His website section under “Art Archive” for “Landscape and other paintings” includes plein air and studio landscape painting and portrait subjects.

I particularly like his painting of Karan Sculling on the Maribyrnong River (images above, bottom), which recalls Thomas Eakins’ paintings of scullers on the Schuylkill River here in Philadelphia.

[Via Concept Art World]

New Draw Mix Paint painting instruction course

Draw Mix Paint, online paintinf instruction course from Mark Carder
As I reported in 2013, well regarded painter Mark Carder, who some years ago created a specific instruction method for those learning to paint, had put much of his former course into a series of new videos and made them freely available on his site Draw Mix Paint.

Carder has recently taken those videos, added a good deal of supplementary web based material, and arranged them into a more formal course, guiding the student through step-by-step.

In addition to the basic teach yourself course, Carder is offering a new premium version that is essentially an online class — with longer, more detailed videos and personal interaction with Carder.

Students following the free course can work from life, from their own photographs, or from laminated photographic reproductions of still life arrangements or portrait subjects prepared by Carder (these are available to those not taking the paid course, along with the deluxe videos, on a separate purchase basis).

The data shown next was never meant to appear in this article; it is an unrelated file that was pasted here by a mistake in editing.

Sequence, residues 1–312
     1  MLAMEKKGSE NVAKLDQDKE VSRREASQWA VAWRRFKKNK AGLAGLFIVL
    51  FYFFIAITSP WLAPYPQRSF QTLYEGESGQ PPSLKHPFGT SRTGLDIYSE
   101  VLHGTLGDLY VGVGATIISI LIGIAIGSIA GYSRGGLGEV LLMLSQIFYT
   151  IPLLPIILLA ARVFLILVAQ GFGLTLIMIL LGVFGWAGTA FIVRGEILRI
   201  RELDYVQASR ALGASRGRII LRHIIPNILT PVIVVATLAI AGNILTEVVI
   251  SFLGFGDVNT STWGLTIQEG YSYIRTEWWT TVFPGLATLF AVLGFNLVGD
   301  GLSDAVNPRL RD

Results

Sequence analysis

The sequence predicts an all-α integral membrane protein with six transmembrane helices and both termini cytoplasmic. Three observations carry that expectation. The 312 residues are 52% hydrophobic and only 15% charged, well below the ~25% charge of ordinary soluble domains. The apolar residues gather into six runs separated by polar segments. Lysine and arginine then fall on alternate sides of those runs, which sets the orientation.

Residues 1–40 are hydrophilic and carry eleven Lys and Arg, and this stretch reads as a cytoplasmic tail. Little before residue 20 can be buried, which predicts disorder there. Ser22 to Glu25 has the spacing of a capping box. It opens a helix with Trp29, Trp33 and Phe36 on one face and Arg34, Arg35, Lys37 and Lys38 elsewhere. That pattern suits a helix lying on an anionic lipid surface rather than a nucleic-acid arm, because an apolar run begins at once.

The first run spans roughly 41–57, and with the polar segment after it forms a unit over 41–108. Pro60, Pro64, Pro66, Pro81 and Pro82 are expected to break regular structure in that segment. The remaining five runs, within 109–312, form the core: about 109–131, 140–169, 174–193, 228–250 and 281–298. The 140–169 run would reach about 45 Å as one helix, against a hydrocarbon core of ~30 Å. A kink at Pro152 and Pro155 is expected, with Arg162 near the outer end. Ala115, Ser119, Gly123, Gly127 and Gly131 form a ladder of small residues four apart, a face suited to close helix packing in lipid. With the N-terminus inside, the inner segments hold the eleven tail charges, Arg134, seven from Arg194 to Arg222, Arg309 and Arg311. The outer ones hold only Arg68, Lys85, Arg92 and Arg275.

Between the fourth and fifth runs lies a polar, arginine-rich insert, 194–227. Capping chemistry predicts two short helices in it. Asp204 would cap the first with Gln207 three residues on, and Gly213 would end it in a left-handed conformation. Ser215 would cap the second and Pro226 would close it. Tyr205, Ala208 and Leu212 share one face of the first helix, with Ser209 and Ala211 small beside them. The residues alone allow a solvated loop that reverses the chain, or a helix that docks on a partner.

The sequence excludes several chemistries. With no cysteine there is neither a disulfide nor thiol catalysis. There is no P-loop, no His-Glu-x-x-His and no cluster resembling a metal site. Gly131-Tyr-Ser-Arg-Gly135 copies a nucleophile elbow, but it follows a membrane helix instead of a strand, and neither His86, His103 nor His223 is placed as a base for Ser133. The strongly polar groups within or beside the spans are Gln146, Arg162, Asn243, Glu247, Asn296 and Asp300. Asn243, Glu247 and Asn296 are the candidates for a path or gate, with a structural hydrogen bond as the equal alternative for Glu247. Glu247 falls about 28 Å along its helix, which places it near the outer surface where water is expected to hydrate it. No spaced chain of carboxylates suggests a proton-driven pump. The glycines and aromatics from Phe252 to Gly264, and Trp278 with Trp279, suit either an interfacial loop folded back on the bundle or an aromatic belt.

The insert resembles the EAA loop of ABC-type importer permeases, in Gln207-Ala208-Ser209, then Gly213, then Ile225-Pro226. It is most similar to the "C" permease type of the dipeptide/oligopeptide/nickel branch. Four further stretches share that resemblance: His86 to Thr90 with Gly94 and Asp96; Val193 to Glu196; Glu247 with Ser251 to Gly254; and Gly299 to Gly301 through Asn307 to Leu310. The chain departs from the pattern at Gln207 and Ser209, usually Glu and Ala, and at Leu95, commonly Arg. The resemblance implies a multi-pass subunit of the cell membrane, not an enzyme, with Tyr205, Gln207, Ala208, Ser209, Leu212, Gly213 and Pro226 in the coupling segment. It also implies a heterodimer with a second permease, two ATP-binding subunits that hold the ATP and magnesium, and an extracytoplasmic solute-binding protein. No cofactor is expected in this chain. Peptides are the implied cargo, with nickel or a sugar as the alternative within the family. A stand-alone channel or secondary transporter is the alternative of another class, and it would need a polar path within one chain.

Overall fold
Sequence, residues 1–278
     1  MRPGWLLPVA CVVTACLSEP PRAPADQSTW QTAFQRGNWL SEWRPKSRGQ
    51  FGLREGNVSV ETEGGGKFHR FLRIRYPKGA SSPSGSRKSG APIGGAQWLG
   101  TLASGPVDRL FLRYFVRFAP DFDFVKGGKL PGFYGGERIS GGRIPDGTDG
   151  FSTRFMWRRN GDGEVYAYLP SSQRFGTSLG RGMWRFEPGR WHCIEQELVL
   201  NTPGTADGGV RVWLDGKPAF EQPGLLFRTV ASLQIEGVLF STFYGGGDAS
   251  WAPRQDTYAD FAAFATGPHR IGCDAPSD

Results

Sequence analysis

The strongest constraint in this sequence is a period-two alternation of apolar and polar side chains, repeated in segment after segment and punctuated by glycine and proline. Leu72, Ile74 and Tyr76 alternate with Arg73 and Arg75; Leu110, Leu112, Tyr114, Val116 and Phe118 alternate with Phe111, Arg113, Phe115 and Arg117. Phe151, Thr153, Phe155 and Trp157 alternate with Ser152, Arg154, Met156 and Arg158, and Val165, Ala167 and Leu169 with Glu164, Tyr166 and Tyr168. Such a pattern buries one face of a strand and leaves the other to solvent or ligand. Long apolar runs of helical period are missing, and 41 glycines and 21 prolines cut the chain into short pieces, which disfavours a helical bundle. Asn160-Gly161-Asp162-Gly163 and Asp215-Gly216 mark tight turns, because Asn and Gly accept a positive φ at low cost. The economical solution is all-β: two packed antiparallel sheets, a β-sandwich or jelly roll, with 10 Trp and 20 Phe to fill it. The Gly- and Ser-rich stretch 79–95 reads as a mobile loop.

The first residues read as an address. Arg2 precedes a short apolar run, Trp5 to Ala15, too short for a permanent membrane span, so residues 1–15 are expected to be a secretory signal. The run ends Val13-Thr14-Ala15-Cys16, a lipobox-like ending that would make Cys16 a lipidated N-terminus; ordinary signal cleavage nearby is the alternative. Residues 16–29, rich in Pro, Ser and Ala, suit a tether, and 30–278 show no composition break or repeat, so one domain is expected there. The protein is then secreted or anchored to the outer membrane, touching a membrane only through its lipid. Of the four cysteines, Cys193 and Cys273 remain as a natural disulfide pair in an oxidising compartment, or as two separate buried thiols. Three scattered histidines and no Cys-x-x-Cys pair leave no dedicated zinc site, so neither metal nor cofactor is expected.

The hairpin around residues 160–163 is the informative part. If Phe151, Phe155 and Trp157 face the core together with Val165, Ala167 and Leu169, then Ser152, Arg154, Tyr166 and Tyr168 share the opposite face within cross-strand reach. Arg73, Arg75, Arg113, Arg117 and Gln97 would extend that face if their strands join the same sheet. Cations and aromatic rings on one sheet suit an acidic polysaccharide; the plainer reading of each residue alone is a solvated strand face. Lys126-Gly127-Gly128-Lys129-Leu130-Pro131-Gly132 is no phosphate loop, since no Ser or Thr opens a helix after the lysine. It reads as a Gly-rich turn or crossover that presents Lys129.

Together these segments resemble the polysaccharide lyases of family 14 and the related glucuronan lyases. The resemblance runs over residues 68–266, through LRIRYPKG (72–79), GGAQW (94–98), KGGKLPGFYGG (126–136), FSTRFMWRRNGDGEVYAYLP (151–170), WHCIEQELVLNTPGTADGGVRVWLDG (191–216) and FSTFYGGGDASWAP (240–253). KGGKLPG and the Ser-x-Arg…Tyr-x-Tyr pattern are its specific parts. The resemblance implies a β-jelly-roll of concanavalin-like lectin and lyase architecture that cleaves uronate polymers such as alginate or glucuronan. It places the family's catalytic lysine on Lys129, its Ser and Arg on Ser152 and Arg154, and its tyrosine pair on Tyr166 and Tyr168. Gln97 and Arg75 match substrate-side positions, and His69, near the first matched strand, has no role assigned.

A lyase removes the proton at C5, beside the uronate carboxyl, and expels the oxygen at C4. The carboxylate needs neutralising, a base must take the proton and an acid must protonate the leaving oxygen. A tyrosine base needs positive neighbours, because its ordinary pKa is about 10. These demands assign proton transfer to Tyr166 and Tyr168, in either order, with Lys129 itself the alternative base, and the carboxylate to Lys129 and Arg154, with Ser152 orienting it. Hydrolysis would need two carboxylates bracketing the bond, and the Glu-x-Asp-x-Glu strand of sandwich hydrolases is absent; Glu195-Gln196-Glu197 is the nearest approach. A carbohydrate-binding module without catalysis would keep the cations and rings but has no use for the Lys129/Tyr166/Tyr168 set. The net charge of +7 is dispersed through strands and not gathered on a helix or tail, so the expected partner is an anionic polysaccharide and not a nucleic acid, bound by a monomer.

The more detailed course, in which Carder interacts with the student, is based specifically around the pre-composed subjects of the photographic prints, so that instructor and student are on the same page. Students select one as included in their enrollment.

I’ll point out again that this course is not so much about a method of painting as a method of learning to paint, and by many accounts a very successful one.

Those who are already further along the learning curve in painting may find it laborious, as it is based on careful observation and measurement with sighting tools, and incremental steps of value and color changes. For those just starting, however, Carder has provided a method for going from non-painting to painting in the context of a single course.

Carder’s methods are based on traditional techniques, and are aimed specifically at painting straightforward representational realism in oil.

I provided a more detailed description of his method in my previous article on Draw Mix Paint.

The premium version of the online course, with interaction from Carder, is limited to 30 students per month. The initial registration step is to choose a subject photograph and the month for which you would like to register.

To start the free version of the course (which should give a preview of the more in-depth version), look for the “Start without Enrolling” button from this page.

Carder’s site also includes links to the original free instructional videos, his supply list and an active discussion forum.